Inguinal Hernia

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INJURY TITLE

Inguinal Hernia

 

INJURY OVERVIEW

This is a protrusion of the contents of the abdomen (stomach) through the inguinal canal. It usually appears as a swelling in the groin area. Eighty percent of all hernias are inguinal, men are 25 times more likely to suffer an inguinal hernia and 5% of the population will suffer an inguinal hernia.

 

INJURY IN-DEPTH INFORMATION

Inguinal hernias can either be direct or indirect. Direct hernias happen when part of the abdomen herniates through a weak point in the muscular abdominal wall. Indirect hernias occur when part of the abdomen bulges through a part of you called ‘the deep inguinal ring’ (this is less common and occurs due to a birth defect).

 

COMMON SIGNS & SYMPTOMS

  • Pain in the groin on exertion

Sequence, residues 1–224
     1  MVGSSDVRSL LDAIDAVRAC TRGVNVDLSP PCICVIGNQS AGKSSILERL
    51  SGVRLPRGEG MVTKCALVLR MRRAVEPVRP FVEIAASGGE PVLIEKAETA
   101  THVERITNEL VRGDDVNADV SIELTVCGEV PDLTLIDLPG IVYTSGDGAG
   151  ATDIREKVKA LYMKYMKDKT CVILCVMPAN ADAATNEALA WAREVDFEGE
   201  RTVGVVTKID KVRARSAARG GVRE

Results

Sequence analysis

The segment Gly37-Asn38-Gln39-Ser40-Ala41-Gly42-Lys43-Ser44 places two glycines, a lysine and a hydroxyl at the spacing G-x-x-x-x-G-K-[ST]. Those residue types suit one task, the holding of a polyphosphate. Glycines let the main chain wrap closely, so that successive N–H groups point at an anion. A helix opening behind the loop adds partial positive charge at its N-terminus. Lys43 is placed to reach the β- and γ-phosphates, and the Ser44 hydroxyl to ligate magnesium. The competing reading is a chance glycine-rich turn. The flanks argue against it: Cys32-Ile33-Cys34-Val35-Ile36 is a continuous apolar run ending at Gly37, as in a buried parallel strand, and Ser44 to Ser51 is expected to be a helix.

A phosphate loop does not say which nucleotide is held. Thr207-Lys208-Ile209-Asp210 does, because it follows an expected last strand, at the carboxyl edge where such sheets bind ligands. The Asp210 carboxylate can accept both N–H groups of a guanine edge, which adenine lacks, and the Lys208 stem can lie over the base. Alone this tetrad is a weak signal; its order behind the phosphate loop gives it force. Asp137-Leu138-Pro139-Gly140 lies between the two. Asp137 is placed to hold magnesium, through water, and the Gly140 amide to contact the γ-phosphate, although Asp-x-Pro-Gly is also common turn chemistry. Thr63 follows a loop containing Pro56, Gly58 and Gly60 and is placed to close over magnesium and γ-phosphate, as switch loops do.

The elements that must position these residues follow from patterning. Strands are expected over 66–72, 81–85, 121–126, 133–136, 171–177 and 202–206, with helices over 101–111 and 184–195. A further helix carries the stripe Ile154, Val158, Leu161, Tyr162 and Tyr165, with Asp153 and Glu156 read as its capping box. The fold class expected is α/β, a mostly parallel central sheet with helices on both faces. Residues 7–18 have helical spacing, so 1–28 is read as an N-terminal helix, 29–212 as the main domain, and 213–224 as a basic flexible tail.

• Pain in the groin when coughing or sneezing
  • Visible bulge in the groin – this can disappear when lying down

 

HOW IS IT ASSESSED

  • Physical examination of the abdominal area including observation (looking), palpation (feeling), testing of abdominal strength (i.e. sit-up) and coughing.
  • Ultrasound scan.

 

GENERAL TREATMENT

If it not adequately assessed and treated and inguinal hernia can get larger and more painful, the condition can become very serious for future health.

  • Possible surgical intervention
  • Post surgical rehabilitation including gradual core strength development and gradual return to activity and exercise.

 

 

WHICH HEALTH PROFESSIONAL TO CONSULT

PHYSIO

MEDIC     X

PODIATRY     

Put an ‘X’ next to each health professional that most commonly deals with this injury.

i.e. tennis elbow would be Physio and Medic as injections are common, whereas for muscular LBP it would be Physio and not Medic as they would just refer them to a Physio.

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